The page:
Coram Deo ~

Looking at contemporary culture from a Christian worldview

THIS & THAT: A Weekly Roundup of Favorite Articles and Quotes

Leave a comment

  • New CBS Sitcom ‘Living Biblically’ Brings Faith to Primetime. Brett McCracken writes “Living Biblically wants to be a comedy that both Christians and atheists can watch and laugh at—one that provokes both sides without belittling or dismissing them. This is not an easy task, and we’ll see if the show maintains this balance, without feeling boring or neutered, for the rest of the season.”
  • Christian College Thanks God for Victory in 5-Year Religious Rights Battle. “In a stunning turn of events, and some would add an answer to prayer, Wheaton College won a five-year battle against the contraceptive mandate implemented under the Obama administration’s Affordable Care Act.”
  • Wheaton College’s Courageous Stance Leads to Religious Liberty Victory. Joe Carter writes “Wheaton did the hard thing, the unpopular thing, because they refused to compromise on what the school stands for. For their boldness they deserve the praise and admiration of those of us who still believe that we answer to a higher authority than the federal government.”
  • Restoring the Justice System. America now boasts the highest rate of incarceration in the world, but even more alarming are the system’s endemic injustices. Minority communities are far more afflicted by the justice system, a reality that affects the psyches of the children who grow up in them. Additionally, our system treats you much better if you’re rich and guilty than if you are poor and innocent. Bryan Stevenson, author of Just Mercy, my top book of 2017 believes these realities are fundamentally changing our world, and he’s devoted his life’s work to finding solutions.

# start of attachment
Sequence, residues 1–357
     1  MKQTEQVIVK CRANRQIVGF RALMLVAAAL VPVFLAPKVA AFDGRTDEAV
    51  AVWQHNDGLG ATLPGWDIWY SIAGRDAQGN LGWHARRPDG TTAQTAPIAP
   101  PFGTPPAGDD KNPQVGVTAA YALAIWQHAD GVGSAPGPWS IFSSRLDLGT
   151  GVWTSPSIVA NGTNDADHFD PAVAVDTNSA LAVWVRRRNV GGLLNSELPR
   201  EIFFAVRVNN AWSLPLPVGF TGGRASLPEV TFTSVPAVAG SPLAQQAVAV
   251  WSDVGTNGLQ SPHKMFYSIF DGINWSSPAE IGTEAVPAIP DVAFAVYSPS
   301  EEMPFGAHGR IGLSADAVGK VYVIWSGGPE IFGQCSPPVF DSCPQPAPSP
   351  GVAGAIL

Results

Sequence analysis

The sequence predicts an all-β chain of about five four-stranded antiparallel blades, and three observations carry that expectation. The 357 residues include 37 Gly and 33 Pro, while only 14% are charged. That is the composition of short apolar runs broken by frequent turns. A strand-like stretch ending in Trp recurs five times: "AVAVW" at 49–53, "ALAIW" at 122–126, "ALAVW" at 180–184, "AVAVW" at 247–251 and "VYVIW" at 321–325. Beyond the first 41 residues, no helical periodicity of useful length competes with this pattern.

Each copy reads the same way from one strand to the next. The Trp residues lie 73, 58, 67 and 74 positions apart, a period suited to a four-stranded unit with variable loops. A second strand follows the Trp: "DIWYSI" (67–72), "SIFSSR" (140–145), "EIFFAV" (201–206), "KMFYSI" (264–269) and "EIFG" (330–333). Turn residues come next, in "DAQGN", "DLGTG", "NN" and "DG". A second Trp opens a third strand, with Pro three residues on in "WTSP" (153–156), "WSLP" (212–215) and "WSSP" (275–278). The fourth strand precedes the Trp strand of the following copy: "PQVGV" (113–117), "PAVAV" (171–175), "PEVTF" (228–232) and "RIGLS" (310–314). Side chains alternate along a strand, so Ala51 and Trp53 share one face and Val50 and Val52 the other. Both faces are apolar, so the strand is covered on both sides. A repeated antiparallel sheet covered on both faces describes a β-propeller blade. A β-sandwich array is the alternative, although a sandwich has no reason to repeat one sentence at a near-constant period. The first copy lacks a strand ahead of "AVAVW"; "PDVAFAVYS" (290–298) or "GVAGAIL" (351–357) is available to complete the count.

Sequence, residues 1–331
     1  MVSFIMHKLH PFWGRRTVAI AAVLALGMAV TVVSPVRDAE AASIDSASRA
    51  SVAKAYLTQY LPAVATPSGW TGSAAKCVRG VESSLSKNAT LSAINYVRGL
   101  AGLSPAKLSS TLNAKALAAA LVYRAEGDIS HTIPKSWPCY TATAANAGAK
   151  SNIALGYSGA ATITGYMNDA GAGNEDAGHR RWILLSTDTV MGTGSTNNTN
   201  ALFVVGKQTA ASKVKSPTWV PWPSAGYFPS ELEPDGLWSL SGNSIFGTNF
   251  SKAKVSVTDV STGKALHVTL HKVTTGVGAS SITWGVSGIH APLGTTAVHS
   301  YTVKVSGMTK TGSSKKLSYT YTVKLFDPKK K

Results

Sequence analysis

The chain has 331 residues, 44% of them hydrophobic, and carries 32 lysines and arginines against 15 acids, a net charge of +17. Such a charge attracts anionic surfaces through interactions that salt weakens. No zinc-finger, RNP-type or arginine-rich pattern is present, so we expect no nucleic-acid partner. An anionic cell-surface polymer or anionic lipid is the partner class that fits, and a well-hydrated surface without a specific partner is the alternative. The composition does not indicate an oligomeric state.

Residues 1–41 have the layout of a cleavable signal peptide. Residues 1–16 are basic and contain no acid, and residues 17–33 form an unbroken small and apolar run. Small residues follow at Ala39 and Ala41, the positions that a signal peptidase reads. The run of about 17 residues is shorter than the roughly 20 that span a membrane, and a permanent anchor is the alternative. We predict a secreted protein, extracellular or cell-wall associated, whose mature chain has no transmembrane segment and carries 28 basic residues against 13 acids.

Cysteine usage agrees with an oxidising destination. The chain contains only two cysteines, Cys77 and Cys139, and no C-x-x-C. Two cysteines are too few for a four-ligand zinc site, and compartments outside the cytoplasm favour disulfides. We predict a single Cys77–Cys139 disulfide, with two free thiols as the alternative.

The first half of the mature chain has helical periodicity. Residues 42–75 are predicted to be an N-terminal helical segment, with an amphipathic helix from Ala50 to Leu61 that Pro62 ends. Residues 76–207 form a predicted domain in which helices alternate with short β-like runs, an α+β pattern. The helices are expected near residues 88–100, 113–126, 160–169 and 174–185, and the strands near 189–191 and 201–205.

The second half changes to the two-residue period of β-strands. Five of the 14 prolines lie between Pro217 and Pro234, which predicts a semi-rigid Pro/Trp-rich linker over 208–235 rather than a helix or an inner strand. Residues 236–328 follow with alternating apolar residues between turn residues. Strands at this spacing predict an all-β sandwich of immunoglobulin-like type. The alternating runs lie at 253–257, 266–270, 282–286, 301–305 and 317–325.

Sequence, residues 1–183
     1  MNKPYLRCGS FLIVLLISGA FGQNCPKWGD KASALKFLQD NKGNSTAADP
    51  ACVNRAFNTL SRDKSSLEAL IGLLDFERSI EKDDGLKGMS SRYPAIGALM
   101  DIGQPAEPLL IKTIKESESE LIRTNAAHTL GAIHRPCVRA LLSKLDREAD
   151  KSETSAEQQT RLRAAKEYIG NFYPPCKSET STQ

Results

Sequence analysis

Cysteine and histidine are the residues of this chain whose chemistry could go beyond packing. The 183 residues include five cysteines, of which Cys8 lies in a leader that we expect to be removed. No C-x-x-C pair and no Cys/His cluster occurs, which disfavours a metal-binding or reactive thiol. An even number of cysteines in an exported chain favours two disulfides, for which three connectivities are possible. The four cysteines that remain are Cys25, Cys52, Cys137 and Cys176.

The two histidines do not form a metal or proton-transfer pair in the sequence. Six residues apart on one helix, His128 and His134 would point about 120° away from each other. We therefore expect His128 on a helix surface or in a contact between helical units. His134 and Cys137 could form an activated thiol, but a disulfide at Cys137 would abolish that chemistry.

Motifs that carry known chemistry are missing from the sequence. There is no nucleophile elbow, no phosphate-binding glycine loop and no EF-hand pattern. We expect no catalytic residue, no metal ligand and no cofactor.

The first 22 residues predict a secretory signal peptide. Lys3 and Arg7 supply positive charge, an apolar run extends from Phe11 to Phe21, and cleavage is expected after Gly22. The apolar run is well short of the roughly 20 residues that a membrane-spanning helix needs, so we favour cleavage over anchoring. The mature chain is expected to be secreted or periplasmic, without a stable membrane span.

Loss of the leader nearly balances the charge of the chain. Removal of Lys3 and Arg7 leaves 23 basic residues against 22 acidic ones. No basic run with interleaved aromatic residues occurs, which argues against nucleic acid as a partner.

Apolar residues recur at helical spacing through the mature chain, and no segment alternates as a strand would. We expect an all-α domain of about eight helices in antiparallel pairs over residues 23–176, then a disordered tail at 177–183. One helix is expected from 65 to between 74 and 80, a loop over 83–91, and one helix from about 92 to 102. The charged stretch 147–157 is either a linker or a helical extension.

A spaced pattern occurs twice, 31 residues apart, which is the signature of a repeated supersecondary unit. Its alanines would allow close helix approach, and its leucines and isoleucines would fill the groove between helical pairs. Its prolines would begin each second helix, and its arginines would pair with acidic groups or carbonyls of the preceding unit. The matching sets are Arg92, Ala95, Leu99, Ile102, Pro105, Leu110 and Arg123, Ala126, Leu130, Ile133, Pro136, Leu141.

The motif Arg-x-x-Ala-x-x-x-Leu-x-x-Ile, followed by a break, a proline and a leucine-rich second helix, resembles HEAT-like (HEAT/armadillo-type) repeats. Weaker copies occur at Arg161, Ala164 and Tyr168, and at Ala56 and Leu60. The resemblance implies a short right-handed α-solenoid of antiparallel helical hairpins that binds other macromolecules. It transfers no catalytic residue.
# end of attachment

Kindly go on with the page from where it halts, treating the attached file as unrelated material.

• Parental Rights: A Casualty of the Transgender Revolution. Andrew T. Walker writes “This case should never have risen to the level it did. That it even reached a judge is a clear example of Big Brother confusing its role with that of Mom and Dad. It sets a precedent that puts not only the natural family but the well-being of children at risk.”
  • Actual Girl Scout Cookies Marketing Meeting. John Crist breaks down Girl Scout Cookies and their marketing plan.

Courtesy of World Magazine

  • Do Reproductive Technologies Oppose God’s Design? In this episode of the Ask Pastor John podcast, John Piper addresses the question “Does God desire some couples to remain childless to the point that using the sperm or eggs of a third person is resistance to his will? And (2) do you have any Scripture or any grace for those of us who are the product of reproductive technology, who feel a bit like we were sold off as a commodity and abandoned by a biological parent in order to make another family happy?”